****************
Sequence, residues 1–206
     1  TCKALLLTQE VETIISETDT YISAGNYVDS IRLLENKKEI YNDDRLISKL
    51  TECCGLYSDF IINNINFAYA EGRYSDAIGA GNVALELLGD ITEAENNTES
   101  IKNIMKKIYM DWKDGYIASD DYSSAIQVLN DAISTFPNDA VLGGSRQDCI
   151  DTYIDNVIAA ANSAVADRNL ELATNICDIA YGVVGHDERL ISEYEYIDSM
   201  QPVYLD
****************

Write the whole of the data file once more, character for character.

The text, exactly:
Sequence, residues 1–206
     1  TCKALLLTQE VETIISETDT YISAGNYVDS IRLLENKKEI YNDDRLISKL
    51  TECCGLYSDF IINNINFAYA EGRYSDAIGA GNVALELLGD ITEAENNTES
   101  IKNIMKKIYM DWKDGYIASD DYSSAIQVLN DAISTFPNDA VLGGSRQDCI
   151  DTYIDNVIAA ANSAVADRNL ELATNICDIA YGVVGHDERL ISEYEYIDSM
   201  QPVYLD